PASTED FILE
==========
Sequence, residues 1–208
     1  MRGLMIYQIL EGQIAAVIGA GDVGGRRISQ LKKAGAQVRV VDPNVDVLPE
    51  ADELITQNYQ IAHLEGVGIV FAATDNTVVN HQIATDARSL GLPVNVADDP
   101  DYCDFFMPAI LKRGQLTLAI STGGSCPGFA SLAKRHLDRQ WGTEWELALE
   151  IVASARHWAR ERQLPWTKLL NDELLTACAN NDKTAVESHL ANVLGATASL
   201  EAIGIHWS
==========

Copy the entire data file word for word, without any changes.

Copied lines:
Sequence, residues 1–208
     1  MRGLMIYQIL EGQIAAVIGA GDVGGRRISQ LKKAGAQVRV VDPNVDVLPE
    51  ADELITQNYQ IAHLEGVGIV FAATDNTVVN HQIATDARSL GLPVNVADDP
   101  DYCDFFMPAI LKRGQLTLAI STGGSCPGFA SLAKRHLDRQ WGTEWELALE
   151  IVASARHWAR ERQLPWTKLL NDELLTACAN NDKTAVESHL ANVLGATASL
   201  EAIGIHWS